The petition was filed by Advocate Rashid-ul-Haq Qazi as a representative of the Stranded Pakistanis General Repatriation Committee and the Organization for Repatriation of Stranded Pakistanis in Bangladesh.
A three-judge bench headed by Justice Nasir-ul-Mulk issued a notice to Attorney General Salman Aslam Butt to respond to the issues raised in the petition.
When the case was taken up on May 14, Advocate Qazi, informed the court that approximately 160,000 stranded
Pakistanis were repatriated to Pakistan in accordance with the Tripartite Delhi
Agreement, signed between India, Pakistan and Bangladesh but later on, Pakistan
has failed to fulfill 25 percent of the terms of agreement and the repatriation
of stranded Pakistanis was stopped unilaterally by the Zulfiqar Ali Bhutto
regime in 1974.
Speaking about the last repatriation of stranded Pakistanis, he said it was on January 10, 1993 that a group of 325 stranded Pakistanis was repatriated and and rehabilitated in Mian Chunnu and Muzaffargarh in Punjab during the previous government of Nawaz Sharif.
He argued that the stranded Pakistanis in Bangladesh had declined to accept the nationality of India or Bangladesh due to their patriotic allegiance to Pakistan.
Who are stranded Pakistanis?
Stranded Pakistanis, also known as Biharis, stood for a united Pakistan and refused to integrate into the new country. Hence, Bengalis, the original residents of Bangladesh, were not ready to forgive them because of their opposition to the creation of the new state.
According to Refugees
International Organization, Bangladesh is home to some 200,000 Urdu speaking
minorities who during the country's civil war with Pakistan took the side of
Pakistan, losing their homes, jobs and positions in society and were forced
eventually to take up residence in more than 100 overcrowded and now
dilapidated urban camp settlements. Many of the Urdu speaking minority hoped to
be permitted to move to Pakistan, but only a small percentage were admitted;
some continue to cling to the hope that Pakistan will relent and admit them to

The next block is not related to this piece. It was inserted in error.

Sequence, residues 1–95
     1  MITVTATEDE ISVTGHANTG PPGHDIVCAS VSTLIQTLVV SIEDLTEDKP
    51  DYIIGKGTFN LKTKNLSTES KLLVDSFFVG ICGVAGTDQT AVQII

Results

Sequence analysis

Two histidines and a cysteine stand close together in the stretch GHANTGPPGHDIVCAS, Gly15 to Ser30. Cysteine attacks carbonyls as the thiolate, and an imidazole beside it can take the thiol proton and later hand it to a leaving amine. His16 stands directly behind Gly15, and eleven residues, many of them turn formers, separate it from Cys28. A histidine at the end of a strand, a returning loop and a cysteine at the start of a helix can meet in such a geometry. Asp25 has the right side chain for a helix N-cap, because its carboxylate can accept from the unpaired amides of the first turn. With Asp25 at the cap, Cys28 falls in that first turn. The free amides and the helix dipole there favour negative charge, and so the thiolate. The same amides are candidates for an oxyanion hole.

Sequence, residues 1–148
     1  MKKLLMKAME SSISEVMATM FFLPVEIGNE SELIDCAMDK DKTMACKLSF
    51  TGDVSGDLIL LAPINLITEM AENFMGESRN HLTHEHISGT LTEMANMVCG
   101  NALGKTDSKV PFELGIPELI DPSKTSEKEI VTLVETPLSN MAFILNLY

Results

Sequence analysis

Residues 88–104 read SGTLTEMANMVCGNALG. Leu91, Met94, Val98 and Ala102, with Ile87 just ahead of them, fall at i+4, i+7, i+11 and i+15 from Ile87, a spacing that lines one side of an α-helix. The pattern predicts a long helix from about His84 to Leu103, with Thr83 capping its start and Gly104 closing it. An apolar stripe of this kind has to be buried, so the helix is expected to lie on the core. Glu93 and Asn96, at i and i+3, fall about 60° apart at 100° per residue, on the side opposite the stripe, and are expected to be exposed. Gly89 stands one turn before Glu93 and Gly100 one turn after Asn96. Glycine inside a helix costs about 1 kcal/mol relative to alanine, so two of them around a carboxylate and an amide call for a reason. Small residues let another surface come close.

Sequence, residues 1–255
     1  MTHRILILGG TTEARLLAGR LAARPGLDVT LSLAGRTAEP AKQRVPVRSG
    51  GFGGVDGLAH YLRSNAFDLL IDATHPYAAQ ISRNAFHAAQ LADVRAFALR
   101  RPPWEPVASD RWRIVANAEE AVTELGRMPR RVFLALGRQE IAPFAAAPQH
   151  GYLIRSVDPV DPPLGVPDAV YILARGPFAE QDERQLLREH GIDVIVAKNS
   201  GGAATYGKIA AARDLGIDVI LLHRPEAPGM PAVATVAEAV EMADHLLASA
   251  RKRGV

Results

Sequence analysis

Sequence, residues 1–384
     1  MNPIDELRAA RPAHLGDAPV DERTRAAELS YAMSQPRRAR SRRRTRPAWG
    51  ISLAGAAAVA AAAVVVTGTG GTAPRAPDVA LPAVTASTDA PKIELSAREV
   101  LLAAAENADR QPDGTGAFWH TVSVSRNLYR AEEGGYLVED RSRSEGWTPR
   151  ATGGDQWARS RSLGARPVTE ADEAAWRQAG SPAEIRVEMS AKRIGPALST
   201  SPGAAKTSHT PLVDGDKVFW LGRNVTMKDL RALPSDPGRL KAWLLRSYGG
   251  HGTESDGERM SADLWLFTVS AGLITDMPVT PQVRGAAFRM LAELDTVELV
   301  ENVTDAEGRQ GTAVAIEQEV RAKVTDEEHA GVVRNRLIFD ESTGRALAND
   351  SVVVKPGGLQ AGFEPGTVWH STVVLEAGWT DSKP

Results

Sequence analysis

reunite with their families in Pakistan.
For almost 43 years, the camp residents remain stateless, non citizens of Bangladesh or Pakistan. They were denied access to government services, including education, formal employment, property ownership, and driver's licenses.
In 2008, a Bangladesh Supreme Court decision recognized their nationality rights. A large percentage of the adults were registered to vote in the 2009 election. Despite being registered as voters and recognized as citizens, many Urdu speakers still were unable to obtain government jobs, access credit, get passports or obtain compensation for their property confiscated during the war.
Ironically neither the United Nations nor the International Red Cross and Crescent Society recognize them as refugees. They have been denied refugee status because they are not considered displaced people. The Office of the United Nations High Commissioner for Refugees (UNHCR) has not addressed the plight of the Biharis.
Subhuman living conditions
The camps where these stranded people are staying for almost four decades are the classic examples of subhuman living that has hardly any difference with animal life. Dingy and stinky atmosphere, merger of both water and sewerage lines, lack of latrines and clean water are constant threats to health.
Malnutrition of children in absence of proper food and medicine threatens their usual physical growth on one hand and absence of education turns them into dark generation on the other. Illiteracy rate is 94%.
Each family has been given one room -- 6 feet by 6 feet. But who wants to know that these families have grown in size over the years. Sometimes, 10 people live in one room, spanning three generations.